I have used Irssi and GNU Screen together for what seems to have been well over a decade now. Both applications do the job required of them quite well and as such they have always been one of the first things I installed an a fresh system.
Unfortunately, neither of the projects has had an official release in the past few years. This obviously isn't that big a deal of course since the Git versions of both are readily available to anyone who chooses to use them. I personally have used the Git version of GNU Screen for some time now.
A week ago I decided that I wanted to expand my horizons a bit and branch out to other software to see how they compared against both applications. Since WeeChat and tmux have been rapidly growing in popularity they were the obvious choice for this impromptu test.
My goal was to run them both for an entire week after configuring them to my liking and see how things went. I will admit that I honestly fully expected to switch back to Irssi and GNU Screen after things were all said and done.
As the title of this post has already alluded to, that didn't exactly happen as I quickly discovered that I really liked both WeeChat and tmux.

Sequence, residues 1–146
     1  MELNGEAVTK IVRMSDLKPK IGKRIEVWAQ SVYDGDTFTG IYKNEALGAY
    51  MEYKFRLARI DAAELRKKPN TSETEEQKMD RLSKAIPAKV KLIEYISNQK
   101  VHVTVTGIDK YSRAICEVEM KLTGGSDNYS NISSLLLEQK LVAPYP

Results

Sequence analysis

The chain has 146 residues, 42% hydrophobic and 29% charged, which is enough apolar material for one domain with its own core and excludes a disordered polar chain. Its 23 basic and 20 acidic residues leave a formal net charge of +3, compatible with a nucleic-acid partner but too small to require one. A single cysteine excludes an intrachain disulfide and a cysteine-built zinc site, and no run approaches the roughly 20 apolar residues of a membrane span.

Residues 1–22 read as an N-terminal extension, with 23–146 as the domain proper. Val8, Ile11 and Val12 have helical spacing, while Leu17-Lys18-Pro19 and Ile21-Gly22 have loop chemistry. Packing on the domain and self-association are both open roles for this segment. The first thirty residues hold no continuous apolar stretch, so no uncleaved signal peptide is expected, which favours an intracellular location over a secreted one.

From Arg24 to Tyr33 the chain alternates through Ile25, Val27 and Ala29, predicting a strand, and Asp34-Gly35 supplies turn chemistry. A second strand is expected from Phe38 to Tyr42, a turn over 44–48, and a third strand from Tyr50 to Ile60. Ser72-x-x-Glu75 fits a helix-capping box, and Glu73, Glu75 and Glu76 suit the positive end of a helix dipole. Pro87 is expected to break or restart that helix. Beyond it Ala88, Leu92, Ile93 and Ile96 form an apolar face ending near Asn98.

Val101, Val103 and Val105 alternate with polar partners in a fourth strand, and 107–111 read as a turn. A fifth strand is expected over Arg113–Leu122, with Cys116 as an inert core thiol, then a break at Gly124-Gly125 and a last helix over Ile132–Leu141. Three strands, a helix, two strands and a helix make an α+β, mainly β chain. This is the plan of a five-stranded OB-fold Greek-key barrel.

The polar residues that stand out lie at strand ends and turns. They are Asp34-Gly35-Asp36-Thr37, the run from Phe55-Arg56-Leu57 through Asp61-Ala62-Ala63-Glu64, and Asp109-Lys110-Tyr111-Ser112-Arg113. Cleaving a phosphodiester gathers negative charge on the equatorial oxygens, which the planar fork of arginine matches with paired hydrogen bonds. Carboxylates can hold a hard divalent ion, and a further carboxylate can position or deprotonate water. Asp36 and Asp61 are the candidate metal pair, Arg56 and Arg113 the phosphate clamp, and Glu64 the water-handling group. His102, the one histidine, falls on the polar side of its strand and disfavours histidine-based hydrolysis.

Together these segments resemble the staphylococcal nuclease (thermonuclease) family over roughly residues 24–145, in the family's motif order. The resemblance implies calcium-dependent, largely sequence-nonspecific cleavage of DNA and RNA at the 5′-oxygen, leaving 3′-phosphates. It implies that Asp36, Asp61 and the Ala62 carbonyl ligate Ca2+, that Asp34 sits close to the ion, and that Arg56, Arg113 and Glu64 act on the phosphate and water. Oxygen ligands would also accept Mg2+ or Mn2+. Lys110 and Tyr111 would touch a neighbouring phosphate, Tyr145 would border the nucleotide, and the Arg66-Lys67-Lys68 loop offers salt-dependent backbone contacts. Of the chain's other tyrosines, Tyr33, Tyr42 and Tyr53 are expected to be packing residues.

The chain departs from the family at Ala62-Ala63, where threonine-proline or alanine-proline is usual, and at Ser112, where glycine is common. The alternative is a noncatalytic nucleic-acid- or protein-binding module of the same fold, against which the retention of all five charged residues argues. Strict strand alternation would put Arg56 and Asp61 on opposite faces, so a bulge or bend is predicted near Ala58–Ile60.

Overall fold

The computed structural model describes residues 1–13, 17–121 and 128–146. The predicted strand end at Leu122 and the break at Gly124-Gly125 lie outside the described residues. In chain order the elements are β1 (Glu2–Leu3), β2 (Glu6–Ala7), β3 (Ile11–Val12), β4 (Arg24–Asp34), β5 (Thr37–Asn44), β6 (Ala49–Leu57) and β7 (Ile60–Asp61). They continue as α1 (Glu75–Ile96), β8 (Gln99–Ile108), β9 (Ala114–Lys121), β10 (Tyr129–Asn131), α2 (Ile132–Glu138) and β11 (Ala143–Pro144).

While both applications do exactly the same thing as their respective counterparts, they each had a lot little things that won me over. For instance, tux's status line is much easier to configure and I like the split pane implementation better than the one the Git version of GNU Screen provides. The mouse support for it is a nice bonus as well.
WeeChat has various features like SASL, Colorized Nick Names, and a Nick list built-in that could only be incorporated into Irssi through the usage of a third-party script.
Although the respective scripts for Irssi work quite well on their own and are admittedly mostly cosmetic in nature, I was nevertheless pleased to see them built into WeeChat's core.
Having SASL built into the client was somewhat important in my decision to stay with WeeChat. I use it for every server that I connect to and I've long felt that Irssi should have it built into its core as well.
I also liked WeeChat's smart filtering, gestures implementation, and the aspell plugin it comes with.
In conclusion, all the applications are absolutely fantastic in their own right and all of them have their own pros and cons to using them.
It all boils down to personal preference in the end. In my case, both WeeChat and tmux offered me things that their counterpart either lacked or did not implement as well.
That's not to say that they not lacking in areas as well. One example would be that WeeChat does not have proper theme support. I must admit that I wouldn't use it much, but it would be nice to have just the same.
Even if you have no interest in ever switching from your preferred terminal multiplexer or IRC client of choice, I hope this article makes you consider giving their alternatives a try at least once.